John Horning

This was a profile written for our once-weekly newsletter.

Never rule out lawsuits if you want to drive change

By David Marston
When John Horning started working in 2000 at what was then called Forest Guardians in New Mexico, the budget was $300,000 and he was one of four staffers.
Now executive director of the nonprofit whose name was changed to WildEarth Guardians, and with a $5 million budget and 35 employees, Horning says the group focuses most on climate change, using tools that range from filing lawsuits to collaboration and restoration.
His group holds onto the club of lawsuits, he says, because “it’s strategically ill-informed to simply abandon the playing field of conflict. I think it’s a problem for the environmental movement.” At the same time, he says, “Who wants to embrace conflict? It’s disruptive… uncomfortable.”

As for the group’s major focus: “We’re helping drive nails in the coffin of the fossil fuel industry.” That big idea — of toppling the fossil fuel economy and moving to a clean energy economy — is picking up speed, especially in The West where states are broadly adopting carbon-free electrical grid mandates. The exception, of course, is Wyoming, which maintains a never-say-die coal economy.

In the North Fork Valley of Colorado, home base of Writers on the Range, WildEarth Guardians has waged a longstanding battle in the courts with Mountain Coal Company, owned by Arch Resources. One coal miner there, who asked not to be named, said of WildEarth Guardians, “They give my bosses fits with lawsuits.”
Early on, WildEarth Guardians focused on ridding the public lands of the West of grazing cattle. When asked about grass-fed beef and the role today of cows on the battered Western landscape, Horning remains a skeptic. “I think we are in the midst of the great reckoning for ranching. Kids aren’t interested. Economics are challenging. Social values are demanding different outcomes for public lands, namely people want more wildness and less domestication.”
This approach divides him from most big-budget environmental groups that embrace ranching and generally try to work from within the framework of longstanding institutions of the West.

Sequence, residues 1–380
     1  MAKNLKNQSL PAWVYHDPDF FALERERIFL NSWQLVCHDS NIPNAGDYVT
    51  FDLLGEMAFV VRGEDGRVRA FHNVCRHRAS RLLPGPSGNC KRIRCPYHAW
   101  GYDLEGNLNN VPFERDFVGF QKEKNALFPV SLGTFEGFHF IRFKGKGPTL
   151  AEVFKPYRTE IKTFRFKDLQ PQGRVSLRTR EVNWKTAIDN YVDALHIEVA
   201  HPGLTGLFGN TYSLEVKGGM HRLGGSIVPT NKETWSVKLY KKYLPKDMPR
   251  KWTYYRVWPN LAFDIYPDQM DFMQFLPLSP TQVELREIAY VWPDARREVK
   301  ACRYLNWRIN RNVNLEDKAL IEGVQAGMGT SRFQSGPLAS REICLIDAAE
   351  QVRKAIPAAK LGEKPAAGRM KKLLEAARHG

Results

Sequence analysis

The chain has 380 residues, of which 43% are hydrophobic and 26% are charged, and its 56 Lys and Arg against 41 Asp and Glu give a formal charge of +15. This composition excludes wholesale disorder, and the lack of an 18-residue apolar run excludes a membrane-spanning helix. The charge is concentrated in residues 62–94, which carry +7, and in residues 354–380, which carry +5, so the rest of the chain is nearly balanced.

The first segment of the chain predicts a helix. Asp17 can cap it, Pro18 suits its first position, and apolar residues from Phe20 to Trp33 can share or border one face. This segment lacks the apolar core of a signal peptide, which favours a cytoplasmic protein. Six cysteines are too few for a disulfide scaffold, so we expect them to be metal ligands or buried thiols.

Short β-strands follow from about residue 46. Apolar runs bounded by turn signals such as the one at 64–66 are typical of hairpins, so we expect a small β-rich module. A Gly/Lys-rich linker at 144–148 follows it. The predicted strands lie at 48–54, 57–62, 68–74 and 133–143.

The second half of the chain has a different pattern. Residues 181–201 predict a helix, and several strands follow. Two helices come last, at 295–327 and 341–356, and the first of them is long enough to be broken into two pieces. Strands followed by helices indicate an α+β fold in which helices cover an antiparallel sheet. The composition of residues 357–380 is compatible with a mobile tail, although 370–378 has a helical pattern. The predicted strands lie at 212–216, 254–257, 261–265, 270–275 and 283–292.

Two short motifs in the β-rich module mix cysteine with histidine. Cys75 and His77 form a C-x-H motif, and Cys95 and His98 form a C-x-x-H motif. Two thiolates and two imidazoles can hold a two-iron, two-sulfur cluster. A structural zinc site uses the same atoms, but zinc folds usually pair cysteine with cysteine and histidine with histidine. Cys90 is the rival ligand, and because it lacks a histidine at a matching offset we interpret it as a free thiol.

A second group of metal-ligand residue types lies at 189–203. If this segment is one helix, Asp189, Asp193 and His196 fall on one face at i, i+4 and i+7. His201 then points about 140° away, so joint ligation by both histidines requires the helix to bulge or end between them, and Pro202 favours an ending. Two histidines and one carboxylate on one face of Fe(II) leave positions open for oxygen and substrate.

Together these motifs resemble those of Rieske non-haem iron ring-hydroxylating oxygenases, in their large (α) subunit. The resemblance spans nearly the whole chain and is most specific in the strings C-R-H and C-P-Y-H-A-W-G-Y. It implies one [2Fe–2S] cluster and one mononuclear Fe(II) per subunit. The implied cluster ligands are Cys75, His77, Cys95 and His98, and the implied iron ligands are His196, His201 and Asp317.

“In the context of the mainstream environmental movement,a I think we’ve lost some power as we’ve gained some professionalism,” Horning says. He adds that the organizations’ scientists, lobbyists and bureaucrats “are not skilled in building power for movements, and movements drive deeper change.”
But Horning sees positive changes in the rural West coming from rural electric cooperatives: “I think we should be focused on building a democratized, decentralized and decarbonized energy future. Rural electric cooperatives are a great model of this vision. That’s what excites in part me because it’s solving multiple problems at once—civic engagement, undermining capitalism and addressing the climate crisis.”
Interested in learning more about WildEarth Guardians? Visit them on the web https://wildearthguardians.org


A dancing bird finally gets some protection

By John Horning

What I remember most about that dark early morning of crouching on the prairie is the rhythmic sound of pounding….

Lesser Prairie Chicken (Tympanuchus pallidicinctus) performing dancing or “drumming” on a lek (mating display), in northern Oklahoma, USA.


How to love the bear’s world

By John Horning
Photo by Becca on Unsplash

When a bear kills a person in the wild, that’s no reason to enact laws making it easier to kill bears. Rather respect that bears are wild creatures and be cautious when in their territor


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